This module introduces you to some of the methods used for quantitative chemical analysis, with reference to their relevance in forensic science. More advanced techniques will be introduced, building on the scope of previous forensic chemistry modules. There is a strong practical element, with specific emphasis on the practical application of analytical techniques in a forensic context, including quality assurance and good laboratory practice. You will be expected to present and analyse data in an appropriate manner, including the appropriate statistical treatment of data. In addition you will plan and undertake your own analysis of a forensically relevant sample. Presentation skills will be developed through the design, production and presentation of a poster on a key analytical technique. You will also critically assess the methodology of analytical techniques, suggesting alternative methods of analysis for the forensic application discussed.
20 Credits
optional
Coursework

Code: 5FO503

Forensic Anthropology

Using skeletal remains to assist in human identification is an important area of practice for the Forensic Scientist and involves a variety of theories and methods focusing on the wider scope of human skeletal biology on issues of medico-legal significance. This module provides an introduction to the practice of Forensic Anthropology. Through a series of lectures and practical lab sessions, you will learn about methods of bioprofiling used by forensic anthropologists, topics on skeletal biology, disease and trauma that can be observed on bone, and ethical concerns involved when working with human remains in legal contexts.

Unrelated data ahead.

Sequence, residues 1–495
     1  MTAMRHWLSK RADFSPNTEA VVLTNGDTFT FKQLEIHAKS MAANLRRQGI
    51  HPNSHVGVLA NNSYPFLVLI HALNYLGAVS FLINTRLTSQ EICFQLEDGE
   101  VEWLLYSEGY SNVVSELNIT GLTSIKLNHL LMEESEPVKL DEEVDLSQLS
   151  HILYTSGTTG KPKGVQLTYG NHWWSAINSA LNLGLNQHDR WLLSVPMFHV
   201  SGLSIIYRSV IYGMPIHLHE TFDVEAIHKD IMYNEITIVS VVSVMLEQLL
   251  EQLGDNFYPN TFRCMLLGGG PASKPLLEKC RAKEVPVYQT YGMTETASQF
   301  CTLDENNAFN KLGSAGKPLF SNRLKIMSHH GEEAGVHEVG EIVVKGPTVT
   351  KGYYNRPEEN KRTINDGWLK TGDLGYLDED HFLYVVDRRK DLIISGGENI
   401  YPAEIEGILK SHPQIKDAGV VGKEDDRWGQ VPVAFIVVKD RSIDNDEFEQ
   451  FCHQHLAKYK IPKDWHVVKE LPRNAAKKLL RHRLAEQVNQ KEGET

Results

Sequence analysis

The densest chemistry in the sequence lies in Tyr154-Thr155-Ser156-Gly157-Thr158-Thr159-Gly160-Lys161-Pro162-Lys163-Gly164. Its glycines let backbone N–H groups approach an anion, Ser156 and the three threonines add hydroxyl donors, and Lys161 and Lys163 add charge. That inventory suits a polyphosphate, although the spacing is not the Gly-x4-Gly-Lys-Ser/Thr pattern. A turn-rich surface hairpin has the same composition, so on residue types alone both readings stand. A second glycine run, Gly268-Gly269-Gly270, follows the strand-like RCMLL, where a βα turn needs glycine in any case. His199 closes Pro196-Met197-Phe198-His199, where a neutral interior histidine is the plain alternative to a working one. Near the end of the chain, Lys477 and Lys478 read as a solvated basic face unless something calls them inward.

20 Credits
optional
Coursework

Code: 5FO504

Forensic Imaging

Photography is often described as the ‘scientist’s retina’; this module develops the students ability to use a wide range of imaging scientific techniques and modalities, for example, ultraviolet fluorescence and infrared, as an integral part of their working practice as a forensic scientist to analyse and record forensic evidence.
20 Credits
optional
Practical
Coursework

Code: 5FO506

Wildlife Crime and Forensic Entomology

This module will look at a broad range of topics related to forensic evidence which can be obtained from ecological and wildlife samples. Students will learn about the fields of wildlife crime and wildlife forensics and the accompanying analysis of non-human evidence. Additionally, the module will cover entomological evidence including collection, rearing, identification, and calculation of minimum time since death.
20 Credits
optional
Exam
Coursework

Code: 5SO528

Applied Professional Practice